Summary: NHeLP Exchange and Medicaid Regulation Comments

Executive Summary

This executive summary provides synopses of NHeLP’s recommendations and an informal index to the NHeLP’s comments on CMS’ January 22, 2013 proposed regulations concerning Medicaid and the Exchanges. The regulations cover many topics, including Medicaid cost-sharing, appeals and notices, and standards for the alternative benchmark plans.

On February 21, 2013, NHeLP submitted comments to proposed regulations (identification number: CMS-2334-P) from HHS concerning Exchanges and Medicaid. These regulations covered an expansive range of topics, building upon prior regulations proposed in 2012 and also introducing some new issues. The proposed regulation, and NHeLP?s comments, deals with eight broad topics. [Bracketed references refer to page numbers in NHeLP?s comments.]
1.  Medicaid Plan Administration
This part of the proposed rule addresses submittal of state plans and state plan amendments. NHeLP?s comments commend HHS for some of the proposed policies, but makes additional recommendations to ensure more robust transparency and consumer stakeholder participation. [2-4]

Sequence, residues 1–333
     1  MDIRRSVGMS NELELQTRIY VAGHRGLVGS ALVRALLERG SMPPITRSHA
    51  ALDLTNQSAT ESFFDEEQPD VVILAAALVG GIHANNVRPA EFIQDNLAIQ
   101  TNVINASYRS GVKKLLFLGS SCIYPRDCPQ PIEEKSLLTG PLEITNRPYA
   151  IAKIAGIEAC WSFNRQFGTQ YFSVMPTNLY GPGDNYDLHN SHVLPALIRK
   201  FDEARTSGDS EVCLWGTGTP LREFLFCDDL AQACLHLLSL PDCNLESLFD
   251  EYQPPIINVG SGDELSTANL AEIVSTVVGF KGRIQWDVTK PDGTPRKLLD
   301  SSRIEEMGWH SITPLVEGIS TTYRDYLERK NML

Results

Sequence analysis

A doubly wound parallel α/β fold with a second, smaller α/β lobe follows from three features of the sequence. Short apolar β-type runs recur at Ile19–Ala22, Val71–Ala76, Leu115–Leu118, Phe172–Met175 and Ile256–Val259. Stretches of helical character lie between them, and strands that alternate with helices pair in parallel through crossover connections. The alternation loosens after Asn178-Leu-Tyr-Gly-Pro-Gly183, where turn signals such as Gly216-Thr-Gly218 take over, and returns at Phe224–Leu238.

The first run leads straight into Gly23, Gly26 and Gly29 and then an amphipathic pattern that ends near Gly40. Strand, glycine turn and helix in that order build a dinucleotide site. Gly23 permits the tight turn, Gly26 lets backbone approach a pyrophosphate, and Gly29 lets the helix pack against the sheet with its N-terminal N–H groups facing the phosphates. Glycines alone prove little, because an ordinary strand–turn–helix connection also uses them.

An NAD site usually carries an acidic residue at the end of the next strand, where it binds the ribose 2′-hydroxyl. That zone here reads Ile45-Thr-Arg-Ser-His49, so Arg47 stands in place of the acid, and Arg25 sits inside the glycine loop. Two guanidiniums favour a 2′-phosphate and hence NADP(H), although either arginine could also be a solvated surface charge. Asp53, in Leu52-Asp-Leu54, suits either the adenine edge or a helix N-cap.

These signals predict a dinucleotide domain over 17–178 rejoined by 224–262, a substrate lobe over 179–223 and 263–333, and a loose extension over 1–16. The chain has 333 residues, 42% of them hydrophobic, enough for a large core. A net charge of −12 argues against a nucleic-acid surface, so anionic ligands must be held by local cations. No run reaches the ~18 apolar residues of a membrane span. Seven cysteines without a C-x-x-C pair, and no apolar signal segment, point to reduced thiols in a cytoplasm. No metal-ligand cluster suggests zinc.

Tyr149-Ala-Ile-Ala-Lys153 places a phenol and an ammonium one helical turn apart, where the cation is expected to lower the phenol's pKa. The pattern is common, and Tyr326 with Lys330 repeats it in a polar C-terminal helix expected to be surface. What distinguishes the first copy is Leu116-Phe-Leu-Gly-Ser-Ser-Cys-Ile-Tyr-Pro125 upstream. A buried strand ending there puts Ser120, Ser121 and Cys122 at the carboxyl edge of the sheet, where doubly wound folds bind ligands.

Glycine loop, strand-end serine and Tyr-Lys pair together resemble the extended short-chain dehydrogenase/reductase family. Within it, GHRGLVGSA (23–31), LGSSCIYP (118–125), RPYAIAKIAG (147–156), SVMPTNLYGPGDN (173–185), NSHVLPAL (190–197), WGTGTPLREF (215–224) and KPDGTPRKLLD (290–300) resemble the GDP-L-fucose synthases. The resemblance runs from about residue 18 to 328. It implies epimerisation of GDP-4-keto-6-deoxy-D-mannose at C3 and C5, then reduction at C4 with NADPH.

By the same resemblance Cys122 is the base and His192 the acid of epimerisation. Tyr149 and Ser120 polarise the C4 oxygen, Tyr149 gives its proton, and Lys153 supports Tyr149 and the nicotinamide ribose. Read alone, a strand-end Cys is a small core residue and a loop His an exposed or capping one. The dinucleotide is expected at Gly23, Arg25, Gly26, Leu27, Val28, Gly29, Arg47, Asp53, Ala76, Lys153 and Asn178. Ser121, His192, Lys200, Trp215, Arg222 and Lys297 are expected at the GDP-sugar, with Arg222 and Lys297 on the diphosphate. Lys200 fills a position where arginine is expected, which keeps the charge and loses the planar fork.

2. Medicaid General Administration
The proposed rules address notice and appeals, including permission to delegate authority. NHeLP?s comments commend a new proposed policy (previously requested by NHeLP) limiting Medicaid agencies? delegation of appeals to government agencies or other public agencies meeting good standards of oversight. [5] However, NHeLP suggests HHS strengthen requirements for clear written agreements setting out delegated relationships. [6]
NHeLP recommends strengthening the content of notices, to ensure enrollees have all relevant information, and improving the ways appellants can make their appeal. [8] NHeLP suggests important language to ensure that appellants have a full review of their case. [9] NHeLP also commends and makes additional recommendations regarding efforts to improve the hearings and notice system for limited English proficient (LEP) individuals. [7]